Posts Tagged ‘Stirrup pumps’

Pontypool pets during wartime

October 18, 2012


A.R.P. or Air Raid Precautions was a term known to everybody during the war. I remember an issue of ¬†Wills’s cigarette cards which dealt with the subject. There were also a number of small booklets which dealt with various aspects of A.R.P. such as how to operate a strirrup pump to deal with small fires and so on.

Air Raid Precautions cigarette cards

But there is one little booklet that is not so well known and that was the one telling us what we should do with our pets and other animals during an emergency. It advised that dogs should be muzzled when they were in a domestic shelter as they might become frenzied at the noise of bombs exploding and the sound of anti-aircraft gunfire. It was made clear that neither dogs nor cats would be allowed in a public shelter. I was reminded of the effect of explosions on dogs some years ago when we had a collie bitch. During the evening of Guy Fawkes night she would try to get up on our laps; she hated the noise.

We were surprisingly informed in the booklet that horses and cows would not be affected by tear gas because their eyes are less sensitive that ours.

If you were driving a horse at the time of an air raid – and horses were in common use during that time as I have mentioned in previous blog posts – you were advised to unharness the horse and tie him to a post in an open space.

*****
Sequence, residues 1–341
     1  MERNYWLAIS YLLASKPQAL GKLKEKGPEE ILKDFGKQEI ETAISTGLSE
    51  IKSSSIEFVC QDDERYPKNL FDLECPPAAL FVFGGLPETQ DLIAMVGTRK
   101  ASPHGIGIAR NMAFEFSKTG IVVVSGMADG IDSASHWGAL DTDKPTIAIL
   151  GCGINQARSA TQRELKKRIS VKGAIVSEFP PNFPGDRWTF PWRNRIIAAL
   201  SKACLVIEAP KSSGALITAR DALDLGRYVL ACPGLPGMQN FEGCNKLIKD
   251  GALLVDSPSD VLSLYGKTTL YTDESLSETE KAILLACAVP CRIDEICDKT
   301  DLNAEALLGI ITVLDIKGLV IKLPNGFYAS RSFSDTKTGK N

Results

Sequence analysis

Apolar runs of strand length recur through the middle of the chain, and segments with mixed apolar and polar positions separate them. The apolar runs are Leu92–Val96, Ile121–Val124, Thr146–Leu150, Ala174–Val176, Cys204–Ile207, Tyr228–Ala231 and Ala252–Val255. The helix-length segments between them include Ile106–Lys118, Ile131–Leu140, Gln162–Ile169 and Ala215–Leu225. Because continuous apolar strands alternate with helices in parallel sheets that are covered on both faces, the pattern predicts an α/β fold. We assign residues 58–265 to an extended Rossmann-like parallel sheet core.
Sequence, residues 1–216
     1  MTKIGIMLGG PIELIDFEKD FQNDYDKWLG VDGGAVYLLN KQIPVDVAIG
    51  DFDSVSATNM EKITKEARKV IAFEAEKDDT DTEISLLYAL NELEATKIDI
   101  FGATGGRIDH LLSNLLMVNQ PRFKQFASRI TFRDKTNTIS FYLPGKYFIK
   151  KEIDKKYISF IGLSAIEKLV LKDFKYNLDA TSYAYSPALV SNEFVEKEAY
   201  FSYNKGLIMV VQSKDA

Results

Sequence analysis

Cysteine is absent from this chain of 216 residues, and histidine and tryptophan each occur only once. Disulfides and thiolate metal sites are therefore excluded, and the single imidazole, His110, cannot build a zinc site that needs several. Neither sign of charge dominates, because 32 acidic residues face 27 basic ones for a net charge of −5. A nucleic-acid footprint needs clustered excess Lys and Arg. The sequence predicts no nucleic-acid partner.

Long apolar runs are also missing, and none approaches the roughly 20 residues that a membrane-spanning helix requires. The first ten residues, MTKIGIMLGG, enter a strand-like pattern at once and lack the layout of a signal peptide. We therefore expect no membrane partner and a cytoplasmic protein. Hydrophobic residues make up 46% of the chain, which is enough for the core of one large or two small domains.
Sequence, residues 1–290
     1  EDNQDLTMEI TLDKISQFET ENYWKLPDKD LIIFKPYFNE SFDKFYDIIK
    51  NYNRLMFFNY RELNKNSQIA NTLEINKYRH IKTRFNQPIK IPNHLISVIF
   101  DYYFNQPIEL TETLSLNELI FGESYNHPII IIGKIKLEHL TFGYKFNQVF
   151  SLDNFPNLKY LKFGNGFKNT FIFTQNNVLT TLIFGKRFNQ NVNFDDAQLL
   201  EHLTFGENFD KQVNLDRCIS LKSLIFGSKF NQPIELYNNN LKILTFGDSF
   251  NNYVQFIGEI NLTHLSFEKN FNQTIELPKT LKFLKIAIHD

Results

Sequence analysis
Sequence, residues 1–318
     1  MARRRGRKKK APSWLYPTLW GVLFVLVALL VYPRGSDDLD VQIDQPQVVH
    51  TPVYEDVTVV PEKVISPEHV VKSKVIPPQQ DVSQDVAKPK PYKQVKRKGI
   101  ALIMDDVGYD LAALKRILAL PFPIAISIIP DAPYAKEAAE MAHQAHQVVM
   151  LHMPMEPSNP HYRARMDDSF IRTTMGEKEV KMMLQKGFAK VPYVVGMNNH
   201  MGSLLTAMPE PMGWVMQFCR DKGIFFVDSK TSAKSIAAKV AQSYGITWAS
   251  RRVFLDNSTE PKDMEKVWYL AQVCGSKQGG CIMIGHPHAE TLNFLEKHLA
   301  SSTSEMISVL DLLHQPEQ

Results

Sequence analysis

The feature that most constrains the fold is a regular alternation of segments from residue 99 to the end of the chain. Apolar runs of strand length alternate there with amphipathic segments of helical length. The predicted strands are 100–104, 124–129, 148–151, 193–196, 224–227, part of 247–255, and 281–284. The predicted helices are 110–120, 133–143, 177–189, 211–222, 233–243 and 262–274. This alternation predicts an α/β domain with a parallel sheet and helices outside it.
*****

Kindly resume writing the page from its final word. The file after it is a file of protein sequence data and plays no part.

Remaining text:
Sir John Anderson and his assistants were responsible for the compilation of this booklet and they were thanked for their careful consideration of domestic animals. British people then, as now, loved their animals which were considered an indispensable part of society. Sir John was best known for his services in the Cabinet during World War II where he was known as “The Home Front Prime Minister”. The famous Anderson Shelters were named after him.

An Anderson Shelter

Approximately one quarter of the population were supplied with the necessary corrugated iron sheets to build an Anderson Shelter, usually in their back gardens. Places which were considered reasonably safe from German bombs, such as Pontypool, were not supplied with such shelters whereas places like Newport, were.